Gov. Josh Shapiro delivered a budget address on Feb. 6 in the Capitol Rotunda. (photo/submitted)

As part of his budget proposal for the state’s next fiscal year, Gov. Josh Shapiro is offering a remedy to the shortage of ready-for-business industrial spaces in Pennsylvania.

  • It is a $500 million, bond-funded expansion of PA SITES, a program the governor rolled out last year on a pilot basis with $10 million in funding.
  • The program is inteded to pay for the preparation of industrial sites so they are ready for use by incoming businesses.
  • “Other states literally have pads that are shovel ready,” Shapiro said yesterday in a speech to state lawmakers. “Permits are done, electrical hookups are good to go. It’s time we catch up — and it’s important we start this work now, because it takes years to get some of these sites ready.”

Why is this happening: Usable industrial real estate in Pennsylvania has been in short supply, making it a priority for state and local leaders.

  • Site selectors often skip over Pennsylvania, knowing there is a dearth of available sites, said Abby Smith, president and CEO of Team Pennsylvania, a Harrisburg-based entity that brings together public- and private-sector leaders on economic policy and development.
  • Local officials have a big say in land development, Smith acknowledged. 
  • But, she said, “If the state is making clear that this is how we want to show up, it could make it easier.”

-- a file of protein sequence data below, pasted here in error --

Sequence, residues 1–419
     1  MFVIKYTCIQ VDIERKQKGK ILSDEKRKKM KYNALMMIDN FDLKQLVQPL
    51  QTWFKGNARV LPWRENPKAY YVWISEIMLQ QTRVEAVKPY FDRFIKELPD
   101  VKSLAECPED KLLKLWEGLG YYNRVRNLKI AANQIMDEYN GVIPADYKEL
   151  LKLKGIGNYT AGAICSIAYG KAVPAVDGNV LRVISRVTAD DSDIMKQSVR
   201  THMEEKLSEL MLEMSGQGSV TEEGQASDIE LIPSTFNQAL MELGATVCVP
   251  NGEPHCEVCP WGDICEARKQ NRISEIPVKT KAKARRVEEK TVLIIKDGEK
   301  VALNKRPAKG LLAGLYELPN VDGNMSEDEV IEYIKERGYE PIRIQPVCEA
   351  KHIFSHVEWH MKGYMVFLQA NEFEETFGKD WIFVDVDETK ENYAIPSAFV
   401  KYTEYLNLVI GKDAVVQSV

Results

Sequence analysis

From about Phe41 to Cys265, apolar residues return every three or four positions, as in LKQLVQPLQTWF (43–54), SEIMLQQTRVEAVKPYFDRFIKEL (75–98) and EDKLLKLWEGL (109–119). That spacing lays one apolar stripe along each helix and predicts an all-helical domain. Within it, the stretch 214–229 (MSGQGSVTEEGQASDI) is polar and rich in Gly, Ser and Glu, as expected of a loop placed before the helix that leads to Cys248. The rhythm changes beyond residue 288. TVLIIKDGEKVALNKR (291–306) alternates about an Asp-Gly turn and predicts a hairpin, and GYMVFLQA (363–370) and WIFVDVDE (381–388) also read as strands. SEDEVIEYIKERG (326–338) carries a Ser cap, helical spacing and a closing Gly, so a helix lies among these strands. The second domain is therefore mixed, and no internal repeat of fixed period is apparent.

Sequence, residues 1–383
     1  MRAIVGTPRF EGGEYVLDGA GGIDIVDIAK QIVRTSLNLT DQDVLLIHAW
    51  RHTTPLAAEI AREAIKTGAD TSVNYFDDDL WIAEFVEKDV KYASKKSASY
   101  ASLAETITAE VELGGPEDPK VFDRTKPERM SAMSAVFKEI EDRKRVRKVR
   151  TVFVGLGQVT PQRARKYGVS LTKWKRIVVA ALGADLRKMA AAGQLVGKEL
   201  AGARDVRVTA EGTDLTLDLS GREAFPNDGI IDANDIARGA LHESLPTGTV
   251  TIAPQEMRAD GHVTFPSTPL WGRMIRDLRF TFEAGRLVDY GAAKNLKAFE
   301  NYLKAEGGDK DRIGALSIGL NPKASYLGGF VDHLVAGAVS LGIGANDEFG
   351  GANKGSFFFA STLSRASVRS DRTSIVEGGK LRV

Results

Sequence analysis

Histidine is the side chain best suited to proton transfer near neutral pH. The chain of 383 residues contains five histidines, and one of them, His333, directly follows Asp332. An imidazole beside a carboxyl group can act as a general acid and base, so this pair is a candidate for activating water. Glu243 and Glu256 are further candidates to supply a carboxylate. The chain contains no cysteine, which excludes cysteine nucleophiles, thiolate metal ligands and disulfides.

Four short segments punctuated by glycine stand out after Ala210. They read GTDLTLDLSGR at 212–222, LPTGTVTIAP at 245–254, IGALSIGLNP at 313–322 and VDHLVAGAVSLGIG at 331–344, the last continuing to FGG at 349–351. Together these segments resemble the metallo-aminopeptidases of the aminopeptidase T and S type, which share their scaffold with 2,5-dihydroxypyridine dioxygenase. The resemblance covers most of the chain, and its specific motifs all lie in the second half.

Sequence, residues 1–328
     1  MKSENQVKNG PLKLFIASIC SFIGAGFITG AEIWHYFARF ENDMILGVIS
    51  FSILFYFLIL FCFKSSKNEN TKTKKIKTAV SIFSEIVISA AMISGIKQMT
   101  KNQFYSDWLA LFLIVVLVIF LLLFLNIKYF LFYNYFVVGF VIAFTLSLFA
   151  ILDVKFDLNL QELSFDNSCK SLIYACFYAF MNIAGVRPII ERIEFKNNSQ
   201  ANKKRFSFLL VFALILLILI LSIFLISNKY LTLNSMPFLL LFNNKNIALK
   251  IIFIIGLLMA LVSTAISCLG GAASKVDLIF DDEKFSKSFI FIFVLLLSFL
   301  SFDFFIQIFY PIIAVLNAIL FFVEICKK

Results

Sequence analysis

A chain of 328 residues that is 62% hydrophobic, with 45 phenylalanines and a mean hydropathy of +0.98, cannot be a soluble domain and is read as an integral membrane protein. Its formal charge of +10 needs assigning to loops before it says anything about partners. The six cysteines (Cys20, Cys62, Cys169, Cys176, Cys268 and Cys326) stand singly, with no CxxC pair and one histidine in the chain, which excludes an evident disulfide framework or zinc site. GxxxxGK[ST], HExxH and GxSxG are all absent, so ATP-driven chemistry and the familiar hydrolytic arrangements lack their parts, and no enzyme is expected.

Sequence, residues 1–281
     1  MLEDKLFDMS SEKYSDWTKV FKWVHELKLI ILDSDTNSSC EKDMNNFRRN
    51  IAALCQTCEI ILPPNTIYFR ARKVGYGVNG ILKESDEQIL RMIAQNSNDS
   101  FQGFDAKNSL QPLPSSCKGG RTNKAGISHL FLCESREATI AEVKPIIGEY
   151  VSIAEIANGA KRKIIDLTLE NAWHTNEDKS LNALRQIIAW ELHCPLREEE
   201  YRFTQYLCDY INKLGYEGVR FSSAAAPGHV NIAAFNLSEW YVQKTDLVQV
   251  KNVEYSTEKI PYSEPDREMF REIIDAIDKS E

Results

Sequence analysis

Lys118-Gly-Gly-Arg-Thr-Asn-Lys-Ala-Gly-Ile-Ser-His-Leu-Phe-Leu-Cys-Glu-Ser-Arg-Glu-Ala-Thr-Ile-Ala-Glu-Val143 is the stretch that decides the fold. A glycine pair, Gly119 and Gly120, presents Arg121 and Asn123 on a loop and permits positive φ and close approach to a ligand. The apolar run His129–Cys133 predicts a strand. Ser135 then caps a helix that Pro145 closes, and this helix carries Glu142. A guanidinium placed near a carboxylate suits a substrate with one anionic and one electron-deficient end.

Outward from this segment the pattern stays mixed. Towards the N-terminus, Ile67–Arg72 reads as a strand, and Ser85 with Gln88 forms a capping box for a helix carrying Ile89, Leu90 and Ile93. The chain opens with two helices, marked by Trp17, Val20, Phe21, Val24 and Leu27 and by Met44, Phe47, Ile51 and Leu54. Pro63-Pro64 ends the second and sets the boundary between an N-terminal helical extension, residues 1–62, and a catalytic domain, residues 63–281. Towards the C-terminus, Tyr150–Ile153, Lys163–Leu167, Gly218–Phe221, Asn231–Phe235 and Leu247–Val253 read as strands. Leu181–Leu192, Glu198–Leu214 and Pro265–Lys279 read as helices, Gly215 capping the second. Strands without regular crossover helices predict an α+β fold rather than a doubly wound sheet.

How would it work: Details were vague as of yesterday afternoon.

  • But the general approach would be for the state to float bonds and then repay them using tax revenue generated by new business activity.

What about the rest: Shapiro is proposing a record $48.3 billion in spending overall.

  • The tab includes hundreds of millions of dollars in new funding for public schools, higher education and public transportation.
  • Shapiro also is pushing for more spending on health care and related services, as well as an increase in the minimum wage to $15 per hour.
  • Despite the increases, he added, the budget does not include a request for any tax hikes, largely because it draws on the state’s budget surplus.
  • It does include a call to legalize the recreational use of marijuana, a step that would bring in an estimated $250 million-plus in annual tax revenue.
  • Other economic-development proposals — building on the administration’s recently unveiled plan for economic development — include:
    • $25 million for a new Main Street Matters program to support small businesses and commercial corridors.
    • $20 million in funding for innovation programs.
    • $3.5 million for a regional economic competitiveness challenge.

What’s next: Lawmakers will begin the work of translating the budget into legislative language.

  • A final spending plan should be in place by the end of June. But the process occasionally drags on past the deadline as lawmakers and the governor negotiate the details.
  • Republicans in the legislature were generally critical of the Democratic governor’s opening bid.
  • “Gov. Shapiro’s Fiscal Year 2024-25 budget proposal is unaffordable, irresponsible and misleading,” York-area state Rep. Seth Grove said in a statement. “This budget will bankrupt Pennsylvania’s future and lead to tax hikes within the next four years.”